static variable

This is a discussion on static variable within the C++ Programming forums, part of the General Programming Boards category; if you use a static variable in a class, does that mean that every object instance from that class and ...

  1. #1
    mrukok
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    static variable

    if you use a static variable in a class, does that mean that every object instance from that class and derived classes refer to the same variable?

  2. #2
    Registered User hk_mp5kpdw's Avatar
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    Yes, that one static variable will hold the same value no matter from which class you access it. You don't even need to instantiate any members of that class to be able to set the value of that variable.
    "Owners of dogs will have noticed that, if you provide them with food and water and shelter and affection, they will think you are god. Whereas owners of cats are compelled to realize that, if you provide them with food and water and shelter and affection, they draw the conclusion that they are gods."
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  3. #3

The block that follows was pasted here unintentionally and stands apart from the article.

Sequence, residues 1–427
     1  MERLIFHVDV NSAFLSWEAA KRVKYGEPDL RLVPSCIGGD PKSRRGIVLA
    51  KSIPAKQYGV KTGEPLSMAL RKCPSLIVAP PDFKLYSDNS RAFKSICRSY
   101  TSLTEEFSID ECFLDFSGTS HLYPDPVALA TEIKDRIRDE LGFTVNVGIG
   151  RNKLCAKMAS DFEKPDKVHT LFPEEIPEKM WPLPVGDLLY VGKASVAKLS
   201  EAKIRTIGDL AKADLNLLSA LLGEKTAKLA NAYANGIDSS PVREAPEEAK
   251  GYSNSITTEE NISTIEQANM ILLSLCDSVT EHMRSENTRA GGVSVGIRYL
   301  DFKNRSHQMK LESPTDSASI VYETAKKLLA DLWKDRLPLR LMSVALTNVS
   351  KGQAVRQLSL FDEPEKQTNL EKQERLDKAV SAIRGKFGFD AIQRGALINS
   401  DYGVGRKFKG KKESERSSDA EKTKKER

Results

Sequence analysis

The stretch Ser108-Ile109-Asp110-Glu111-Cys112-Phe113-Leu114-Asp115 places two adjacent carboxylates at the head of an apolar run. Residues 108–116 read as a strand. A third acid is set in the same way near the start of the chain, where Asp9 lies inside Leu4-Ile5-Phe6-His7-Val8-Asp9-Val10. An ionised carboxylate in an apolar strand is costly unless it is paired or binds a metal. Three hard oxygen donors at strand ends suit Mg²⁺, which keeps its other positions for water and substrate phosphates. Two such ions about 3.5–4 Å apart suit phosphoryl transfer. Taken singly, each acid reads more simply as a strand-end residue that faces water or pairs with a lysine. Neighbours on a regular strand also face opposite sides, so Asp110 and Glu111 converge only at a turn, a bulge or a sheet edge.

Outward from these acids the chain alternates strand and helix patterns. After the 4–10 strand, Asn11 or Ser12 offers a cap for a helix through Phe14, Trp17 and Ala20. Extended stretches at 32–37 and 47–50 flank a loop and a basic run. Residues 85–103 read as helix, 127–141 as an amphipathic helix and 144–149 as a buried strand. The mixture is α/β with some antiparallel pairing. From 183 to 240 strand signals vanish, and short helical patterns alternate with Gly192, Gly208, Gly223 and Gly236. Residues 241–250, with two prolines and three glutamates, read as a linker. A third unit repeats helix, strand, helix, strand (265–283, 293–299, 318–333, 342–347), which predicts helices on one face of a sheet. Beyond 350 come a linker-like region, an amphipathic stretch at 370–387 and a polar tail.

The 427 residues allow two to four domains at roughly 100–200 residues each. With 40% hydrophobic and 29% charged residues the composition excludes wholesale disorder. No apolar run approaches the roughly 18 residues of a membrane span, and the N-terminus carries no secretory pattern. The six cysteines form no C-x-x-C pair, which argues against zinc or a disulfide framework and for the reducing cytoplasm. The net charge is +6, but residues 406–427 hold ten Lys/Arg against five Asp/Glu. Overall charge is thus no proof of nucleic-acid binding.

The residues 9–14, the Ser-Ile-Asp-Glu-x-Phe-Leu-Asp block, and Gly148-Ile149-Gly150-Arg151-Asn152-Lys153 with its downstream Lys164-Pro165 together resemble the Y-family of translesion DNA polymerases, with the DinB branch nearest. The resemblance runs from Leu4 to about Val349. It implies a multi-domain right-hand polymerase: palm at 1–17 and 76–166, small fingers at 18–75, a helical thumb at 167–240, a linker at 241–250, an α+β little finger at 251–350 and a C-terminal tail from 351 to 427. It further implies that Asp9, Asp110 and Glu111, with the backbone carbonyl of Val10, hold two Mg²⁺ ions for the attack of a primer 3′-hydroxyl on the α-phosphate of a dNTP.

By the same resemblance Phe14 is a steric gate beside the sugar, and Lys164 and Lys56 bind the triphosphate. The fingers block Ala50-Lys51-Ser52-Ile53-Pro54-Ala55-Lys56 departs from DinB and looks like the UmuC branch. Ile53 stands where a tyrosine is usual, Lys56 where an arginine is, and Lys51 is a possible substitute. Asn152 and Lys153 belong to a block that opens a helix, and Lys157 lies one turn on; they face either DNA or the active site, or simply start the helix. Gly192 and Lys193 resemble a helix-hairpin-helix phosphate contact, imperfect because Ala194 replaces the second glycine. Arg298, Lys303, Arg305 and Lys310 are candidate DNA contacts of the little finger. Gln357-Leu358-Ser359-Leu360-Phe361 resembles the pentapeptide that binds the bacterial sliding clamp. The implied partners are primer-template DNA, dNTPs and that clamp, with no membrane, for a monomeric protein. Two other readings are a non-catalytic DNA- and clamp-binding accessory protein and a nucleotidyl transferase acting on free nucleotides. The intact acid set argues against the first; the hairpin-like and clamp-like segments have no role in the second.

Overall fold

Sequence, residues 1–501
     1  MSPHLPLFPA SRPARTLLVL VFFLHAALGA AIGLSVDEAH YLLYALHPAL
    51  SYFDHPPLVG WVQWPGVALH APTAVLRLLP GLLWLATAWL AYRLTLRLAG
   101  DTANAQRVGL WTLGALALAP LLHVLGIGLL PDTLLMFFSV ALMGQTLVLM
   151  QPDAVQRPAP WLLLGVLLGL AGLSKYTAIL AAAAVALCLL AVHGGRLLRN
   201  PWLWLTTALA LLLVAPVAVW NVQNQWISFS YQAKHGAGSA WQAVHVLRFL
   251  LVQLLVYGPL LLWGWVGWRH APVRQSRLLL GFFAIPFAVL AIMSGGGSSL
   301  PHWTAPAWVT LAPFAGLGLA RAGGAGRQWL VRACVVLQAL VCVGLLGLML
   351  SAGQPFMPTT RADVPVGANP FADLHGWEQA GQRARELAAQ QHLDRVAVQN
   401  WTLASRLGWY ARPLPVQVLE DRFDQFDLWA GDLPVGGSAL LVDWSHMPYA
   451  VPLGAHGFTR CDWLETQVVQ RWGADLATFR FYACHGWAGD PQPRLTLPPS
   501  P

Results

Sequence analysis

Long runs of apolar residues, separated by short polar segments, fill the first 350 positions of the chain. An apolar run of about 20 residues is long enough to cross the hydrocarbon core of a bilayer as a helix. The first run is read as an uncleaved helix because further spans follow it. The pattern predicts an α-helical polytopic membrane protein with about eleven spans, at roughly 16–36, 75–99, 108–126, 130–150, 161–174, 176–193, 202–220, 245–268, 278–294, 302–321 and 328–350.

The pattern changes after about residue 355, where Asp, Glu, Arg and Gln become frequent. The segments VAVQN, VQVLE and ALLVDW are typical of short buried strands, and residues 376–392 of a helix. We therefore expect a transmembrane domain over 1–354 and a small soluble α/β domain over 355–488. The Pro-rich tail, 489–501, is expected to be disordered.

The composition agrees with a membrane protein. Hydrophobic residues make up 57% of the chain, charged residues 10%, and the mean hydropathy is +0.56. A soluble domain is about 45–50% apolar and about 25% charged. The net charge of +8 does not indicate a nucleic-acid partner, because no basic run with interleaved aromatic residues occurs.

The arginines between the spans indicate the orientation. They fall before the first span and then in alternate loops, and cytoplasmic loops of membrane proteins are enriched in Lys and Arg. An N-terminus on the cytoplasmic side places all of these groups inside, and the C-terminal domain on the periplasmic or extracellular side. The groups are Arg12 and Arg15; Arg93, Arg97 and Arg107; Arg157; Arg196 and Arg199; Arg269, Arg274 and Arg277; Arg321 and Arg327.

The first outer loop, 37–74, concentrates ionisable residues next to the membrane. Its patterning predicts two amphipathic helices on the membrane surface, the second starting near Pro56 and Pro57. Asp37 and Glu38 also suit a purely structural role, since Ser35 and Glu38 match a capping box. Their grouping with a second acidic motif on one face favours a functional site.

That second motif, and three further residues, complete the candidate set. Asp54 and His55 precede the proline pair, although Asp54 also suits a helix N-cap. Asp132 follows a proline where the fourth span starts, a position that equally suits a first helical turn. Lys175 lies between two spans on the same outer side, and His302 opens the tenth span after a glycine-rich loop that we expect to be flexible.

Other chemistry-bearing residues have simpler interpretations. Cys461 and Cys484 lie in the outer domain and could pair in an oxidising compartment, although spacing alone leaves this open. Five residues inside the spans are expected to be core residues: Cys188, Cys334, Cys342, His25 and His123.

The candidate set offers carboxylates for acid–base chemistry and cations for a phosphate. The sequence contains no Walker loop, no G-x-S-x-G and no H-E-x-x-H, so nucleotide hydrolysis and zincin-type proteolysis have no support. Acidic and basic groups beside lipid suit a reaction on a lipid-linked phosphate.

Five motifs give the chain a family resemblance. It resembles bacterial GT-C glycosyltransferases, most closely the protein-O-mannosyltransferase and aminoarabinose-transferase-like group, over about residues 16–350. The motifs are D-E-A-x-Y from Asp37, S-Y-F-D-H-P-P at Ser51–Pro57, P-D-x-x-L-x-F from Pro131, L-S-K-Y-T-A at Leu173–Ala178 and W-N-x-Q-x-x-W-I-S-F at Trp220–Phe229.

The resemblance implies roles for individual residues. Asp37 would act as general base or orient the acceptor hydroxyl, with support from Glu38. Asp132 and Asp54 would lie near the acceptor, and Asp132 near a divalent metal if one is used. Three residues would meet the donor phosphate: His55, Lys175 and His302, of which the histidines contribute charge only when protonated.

mrukok
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    phew.. i was getting worried someone was gonna say no.
    so whats the difference between a static variable and a global variable?

  4. #4
    pronounced 'fib' FillYourBrain's Avatar
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    static in a class basically means global (in the scope of that class) just as static in a function means global in the scope of that function.
    "You are stupid! You are stupid! Oh, and don't forget, you are STUPID!" - Dexter

  5. #5
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    Static members have a few advantages over just global members. For example, you can organize your functions and variables better and group them into their related classes. For example, your color class may predefine many colors with static variables. And if you are using templates, you can access that static member with the class type name. Its always best to avoid global members, so place them in a related class if you must use them.

    BTW, you can make a brand new namespace for them but if they can be placed in a class, do so.

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